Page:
In pursuit of ambitious emission reduction targets, cities across Canada and the United States are offering residents and businesses low-interest loans to cover the upfront costs of energy efficiency upgrades like heat pumps, solar panels, and insulation.
Repayment installments show up as a small surcharge on property tax bills over a lengthy period, reports CBC News.
For a homeowner like Mike Campbell in Charlottetown, Prince Edward Island, the funding mechanism helped make the decision to replace an old oil boiler with an air-source heat pump “a no-brainer.”
Campbell got a zero-interest loan through Switch Charlottetown, a program administered on behalf of the municipality by Property Assessed Clean Energy (PACE) Atlantic. He will repay the amount over 10 years through his property tax bill, and since loan is attached to the property itself, he can transfer it to the new owner of his property if he decides to sell and move.
Previously, Campbell had been paying heating oil bills as high as C$1,000 per month. He will now only pay a small fraction of that amount, $82 per month, for the next decade.
Green loan programs like Switch Charlottetown’s were initially referred to as Property Assessed Clean Energy programs, explains CBC, but they now go by various other names in a trend that is gaining momentum across North America. Several organizations like PACE Atlantic now help residents obtain retrofit grants and connect them with contractors, who in turn gain customers. Assured that they will be paid upfront, more than 80 contractors are involved in PACE Atlantic programs, with almost 400 new jobs generated, writes CBC.
But the other big win is for climate goals. Households retrofitted under PACE Atlantic’s programs have cut their greenhouse gas emissions by an average of 45% or 5.72 tonnes per year, estimates the organization’s president, Julian Boyle. “This is kind of the scale that we need to get to, to head towards net-zero,” Boyle said.
Such programs will be crucial in the drive for all of Canada to decarbonize, said Jessica McIlroy, senior buildings analyst at the Pembina Institute, noting that 80% of Canada’s 2050 building stock has already been built.
Green Loans Across North America
CBC says Alberta leads the pack on PACE-like initiatives with its Clean Energy Improvement Program running in 11 municipalities, including Edmonton and Calgary.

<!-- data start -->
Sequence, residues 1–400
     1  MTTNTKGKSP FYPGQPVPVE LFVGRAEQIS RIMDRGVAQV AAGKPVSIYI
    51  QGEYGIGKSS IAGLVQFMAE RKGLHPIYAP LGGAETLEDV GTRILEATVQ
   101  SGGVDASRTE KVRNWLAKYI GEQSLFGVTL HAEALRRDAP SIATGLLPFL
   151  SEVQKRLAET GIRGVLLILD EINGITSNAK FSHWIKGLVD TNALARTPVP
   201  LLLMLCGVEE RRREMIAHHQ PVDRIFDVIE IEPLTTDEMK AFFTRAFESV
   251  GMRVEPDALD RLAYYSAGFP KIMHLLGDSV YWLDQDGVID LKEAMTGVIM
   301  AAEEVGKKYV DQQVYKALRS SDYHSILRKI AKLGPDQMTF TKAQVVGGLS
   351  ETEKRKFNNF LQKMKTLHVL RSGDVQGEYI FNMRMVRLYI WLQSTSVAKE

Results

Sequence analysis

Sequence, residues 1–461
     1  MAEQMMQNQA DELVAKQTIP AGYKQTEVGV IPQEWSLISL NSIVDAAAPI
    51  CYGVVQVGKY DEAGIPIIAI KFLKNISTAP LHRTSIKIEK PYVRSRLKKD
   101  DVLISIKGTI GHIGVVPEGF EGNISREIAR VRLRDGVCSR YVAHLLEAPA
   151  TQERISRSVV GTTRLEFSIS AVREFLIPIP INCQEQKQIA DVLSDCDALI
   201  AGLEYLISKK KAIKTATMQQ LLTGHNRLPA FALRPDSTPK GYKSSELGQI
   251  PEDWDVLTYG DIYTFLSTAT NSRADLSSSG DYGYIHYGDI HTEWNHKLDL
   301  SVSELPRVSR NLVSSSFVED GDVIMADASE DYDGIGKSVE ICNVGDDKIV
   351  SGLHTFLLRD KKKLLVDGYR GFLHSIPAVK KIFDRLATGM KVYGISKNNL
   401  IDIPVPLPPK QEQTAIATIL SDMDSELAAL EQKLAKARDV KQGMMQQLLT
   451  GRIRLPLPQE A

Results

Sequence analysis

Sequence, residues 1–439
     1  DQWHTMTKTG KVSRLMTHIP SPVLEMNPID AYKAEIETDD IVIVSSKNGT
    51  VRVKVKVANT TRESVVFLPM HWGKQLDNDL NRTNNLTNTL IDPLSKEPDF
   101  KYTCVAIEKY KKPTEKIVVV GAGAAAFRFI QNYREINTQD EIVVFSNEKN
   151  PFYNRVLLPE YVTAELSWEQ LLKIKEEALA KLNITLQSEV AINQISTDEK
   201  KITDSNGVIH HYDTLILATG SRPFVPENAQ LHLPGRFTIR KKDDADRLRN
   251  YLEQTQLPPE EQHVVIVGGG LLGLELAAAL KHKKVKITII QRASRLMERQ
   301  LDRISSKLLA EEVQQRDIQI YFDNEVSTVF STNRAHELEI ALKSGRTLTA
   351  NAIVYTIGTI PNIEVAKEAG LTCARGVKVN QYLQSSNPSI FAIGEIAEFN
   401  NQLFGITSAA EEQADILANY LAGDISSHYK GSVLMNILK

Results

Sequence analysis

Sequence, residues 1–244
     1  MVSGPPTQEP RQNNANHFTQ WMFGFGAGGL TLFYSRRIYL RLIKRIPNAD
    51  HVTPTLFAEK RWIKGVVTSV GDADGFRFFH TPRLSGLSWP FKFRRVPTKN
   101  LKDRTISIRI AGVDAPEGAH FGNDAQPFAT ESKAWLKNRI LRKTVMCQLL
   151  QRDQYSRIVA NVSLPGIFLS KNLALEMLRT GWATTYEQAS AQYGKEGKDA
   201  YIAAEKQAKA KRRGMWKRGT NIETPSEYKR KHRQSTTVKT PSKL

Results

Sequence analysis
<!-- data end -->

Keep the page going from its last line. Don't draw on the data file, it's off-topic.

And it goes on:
In Ontario, Toronto’s $10-million Home Energy Loan Program (HELP) has been going strong since 2014. Ottawa has had one in place since 2021, and last month, Guelph launched its Greener Homes Program with zero-interest loans of up to $50,000 for qualifying residents.
Likewise named HELP, Saskatoon’s low-interest retrofit loans program has been running since 2021.
While British Columbia has not yet adopted legislation to officially enable PACE-like programs, several cities have them on the books, including Nelson, where the On-Bill Financing Program lets homeowners borrow up to $16,000 for energy and water efficiency upgrades, reports Energy Hub. “Loans are approved based purely on payment history and property verification—no personal income or credit information is needed.” Penticton also offers on-bill financing to a maximum of $10,000, to be paid back over 10 years.
Launched in October 2022, Yukon’s Better Buildings program offers up to $50,000 in low-interest green retrofit loans to homeowners, and up to $100,000 for commercial building owners throughout the territory, with participants repaying the loans via local improvement charges that are added to their annual property tax bills.
Yukon’s assistance to commercial building owners is a variant of the C-PACE (Commercial Property Assessed Clean Energy) programs now gaining traction in many American cities, including Atlanta, Cincinnati, Dallas, Kansas City, and Orlando.
PACE Atlantic itself runs two programs in PEI, two more in Nova Scotia, and “plans to launch programs in three more Nova Scotia communities later this year,” writes CBC. The organization’s current rota of 1,100 participants represents 2-5% of local homes per year, with participating municipalities reporting zero default or delinquency in payments from homeowners. Boyle said the average payback on homeowners’ investments is less than 5.5 years.
Hugely popular, many of the programs have wait lists.